This was just for the cameras, though, because in private Mussolini criticised Hitler and his party. He described them as “boring” because of their “unrefined” and “simplistic” ideas. Mussolini was known to be self-obsessed and an egomaniac. He also thought that his ascension to power was more glorious than Hitler’s. The first meeting between Mussolini and Hitler, held in Venice in June 1934, was a disaster. Mussolini showcased his arrogance as his German was not fluent, but he refused to use a translator. Out of pride, he refused to admit that due to Hitler’s heavy Austrian accent, he could not fully understand what he was saying. Hitler engaged in long monologues, and Mussolini soon became bored. This meeting only served to worsen the relationship between them, even though Nazi and Italian fascist propaganda of the 1930s suggested a close working relationship.
They also had different views on race. Both considered white Europeans as the founders of civilization and culture, but they differed on anti-Semitism and eugenics. Mussolini was an Italian nationalist who usually glorified ancient Rome for its triumphs. He was, therefore, conservative of Hitler’s belief in Aryan supremacy. He took a swipe at the Nazis in one of his speeches describing it as a “pity” how the Nazi’s expressed their racial views since the Germans were “the descendants of those who were illiterate when Rome had Caesar, Virgil, and Augustus.”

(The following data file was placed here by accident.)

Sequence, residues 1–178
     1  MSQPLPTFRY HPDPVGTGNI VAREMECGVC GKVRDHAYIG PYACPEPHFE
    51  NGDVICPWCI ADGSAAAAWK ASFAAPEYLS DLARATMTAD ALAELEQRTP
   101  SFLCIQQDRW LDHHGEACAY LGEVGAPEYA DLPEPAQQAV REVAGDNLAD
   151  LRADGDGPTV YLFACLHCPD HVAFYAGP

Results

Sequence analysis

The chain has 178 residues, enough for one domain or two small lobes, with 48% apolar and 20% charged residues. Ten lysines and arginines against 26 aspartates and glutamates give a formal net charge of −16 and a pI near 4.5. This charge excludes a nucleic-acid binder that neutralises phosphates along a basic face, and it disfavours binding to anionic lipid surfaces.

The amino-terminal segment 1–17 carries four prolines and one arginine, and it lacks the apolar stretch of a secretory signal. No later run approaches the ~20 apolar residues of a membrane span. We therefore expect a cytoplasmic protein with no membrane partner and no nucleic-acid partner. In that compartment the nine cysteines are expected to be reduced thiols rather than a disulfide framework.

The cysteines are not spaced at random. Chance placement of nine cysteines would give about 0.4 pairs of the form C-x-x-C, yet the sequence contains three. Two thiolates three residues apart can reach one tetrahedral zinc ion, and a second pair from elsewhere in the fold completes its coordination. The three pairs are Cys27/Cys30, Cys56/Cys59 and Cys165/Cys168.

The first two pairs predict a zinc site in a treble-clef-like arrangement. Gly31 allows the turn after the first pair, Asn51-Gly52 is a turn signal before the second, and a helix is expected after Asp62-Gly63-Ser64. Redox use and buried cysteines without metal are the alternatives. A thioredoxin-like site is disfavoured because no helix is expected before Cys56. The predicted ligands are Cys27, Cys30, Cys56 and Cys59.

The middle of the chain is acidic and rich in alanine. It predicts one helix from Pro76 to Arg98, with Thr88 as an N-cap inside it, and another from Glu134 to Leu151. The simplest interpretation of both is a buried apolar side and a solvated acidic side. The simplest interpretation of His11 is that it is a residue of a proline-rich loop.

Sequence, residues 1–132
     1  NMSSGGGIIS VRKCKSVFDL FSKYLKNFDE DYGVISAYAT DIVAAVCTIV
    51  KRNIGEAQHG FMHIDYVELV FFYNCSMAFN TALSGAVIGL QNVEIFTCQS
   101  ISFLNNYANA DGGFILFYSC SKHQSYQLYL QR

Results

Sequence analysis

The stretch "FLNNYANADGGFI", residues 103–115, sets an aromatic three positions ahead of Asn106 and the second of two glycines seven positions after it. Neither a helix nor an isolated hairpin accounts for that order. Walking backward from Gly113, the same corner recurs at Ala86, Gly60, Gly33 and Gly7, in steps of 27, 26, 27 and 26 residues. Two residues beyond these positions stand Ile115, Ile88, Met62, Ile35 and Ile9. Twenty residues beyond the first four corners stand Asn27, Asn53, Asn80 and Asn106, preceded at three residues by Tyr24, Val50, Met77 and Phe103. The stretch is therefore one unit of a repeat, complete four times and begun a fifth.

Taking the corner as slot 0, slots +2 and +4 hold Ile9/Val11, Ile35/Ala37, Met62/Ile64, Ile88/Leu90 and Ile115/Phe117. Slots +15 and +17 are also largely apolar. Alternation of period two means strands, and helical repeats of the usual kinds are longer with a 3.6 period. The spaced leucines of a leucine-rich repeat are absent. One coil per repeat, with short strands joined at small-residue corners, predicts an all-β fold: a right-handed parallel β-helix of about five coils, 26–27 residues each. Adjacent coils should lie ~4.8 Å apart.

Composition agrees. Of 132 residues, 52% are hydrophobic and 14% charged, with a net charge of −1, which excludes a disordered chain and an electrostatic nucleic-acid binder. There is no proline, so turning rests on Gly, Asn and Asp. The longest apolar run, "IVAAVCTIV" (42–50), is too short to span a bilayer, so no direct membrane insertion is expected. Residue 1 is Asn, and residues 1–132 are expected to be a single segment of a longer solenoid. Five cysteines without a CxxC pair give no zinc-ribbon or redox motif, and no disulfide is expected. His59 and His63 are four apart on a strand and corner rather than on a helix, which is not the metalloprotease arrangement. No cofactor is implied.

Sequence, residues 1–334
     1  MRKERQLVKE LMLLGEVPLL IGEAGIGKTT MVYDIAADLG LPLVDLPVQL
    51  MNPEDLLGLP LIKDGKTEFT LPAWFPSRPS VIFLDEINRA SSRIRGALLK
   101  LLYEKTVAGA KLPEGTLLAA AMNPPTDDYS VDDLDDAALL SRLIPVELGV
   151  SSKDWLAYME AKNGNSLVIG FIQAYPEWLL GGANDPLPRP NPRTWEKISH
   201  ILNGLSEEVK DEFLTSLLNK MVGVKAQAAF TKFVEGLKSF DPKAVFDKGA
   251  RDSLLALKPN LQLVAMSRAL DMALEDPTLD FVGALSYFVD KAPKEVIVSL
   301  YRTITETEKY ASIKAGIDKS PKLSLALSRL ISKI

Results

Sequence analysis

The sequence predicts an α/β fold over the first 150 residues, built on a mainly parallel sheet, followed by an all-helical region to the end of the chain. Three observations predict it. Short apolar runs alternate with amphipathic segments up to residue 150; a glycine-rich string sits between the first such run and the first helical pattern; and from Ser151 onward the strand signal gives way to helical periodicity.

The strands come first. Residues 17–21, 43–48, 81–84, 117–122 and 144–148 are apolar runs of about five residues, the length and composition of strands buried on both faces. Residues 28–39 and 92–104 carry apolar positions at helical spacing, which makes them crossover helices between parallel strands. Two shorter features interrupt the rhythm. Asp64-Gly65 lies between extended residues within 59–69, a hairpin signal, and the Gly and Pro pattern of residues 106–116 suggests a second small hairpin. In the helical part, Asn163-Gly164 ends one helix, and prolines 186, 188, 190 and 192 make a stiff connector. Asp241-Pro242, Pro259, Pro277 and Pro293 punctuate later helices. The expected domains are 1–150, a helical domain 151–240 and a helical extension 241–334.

Out of convenience, Hitler and Mussolini managed to put their differences aside, and a degree of co-operation was achieved. In the Abyssinian crisis of the mid-1930s, Germany offered support to Rome. Mussolini wanted to replicate the glory of ancient Rome by building a new Italian empire. To kick-start his vision, he wanted to conquer Abyssinia (modern-day Ethiopia), one of the few African kingdoms not yet under European control. In October 1935, Italian troops invaded and occupied much of Abyssinia. The league of nations criticised Italy. This move was backed by Hitler even though Germany had pulled out of the League of Nations in 1933. In 1935, however, the Germans secretly supplied arms to Abyssinian Emperor Haile Selassie for defence against the Italian invasion. German-Italian relations were further improved by their joint involvement in the Spanish Civil War in 1936. In January 1936, Mussolini told a German envoy of how Nazi Germany and fascist Italy shared ‘a common destiny’ and later in November changed his view on Hitler and Germany. Mussolini described them as the ‘axis’ around which Europe would revolve.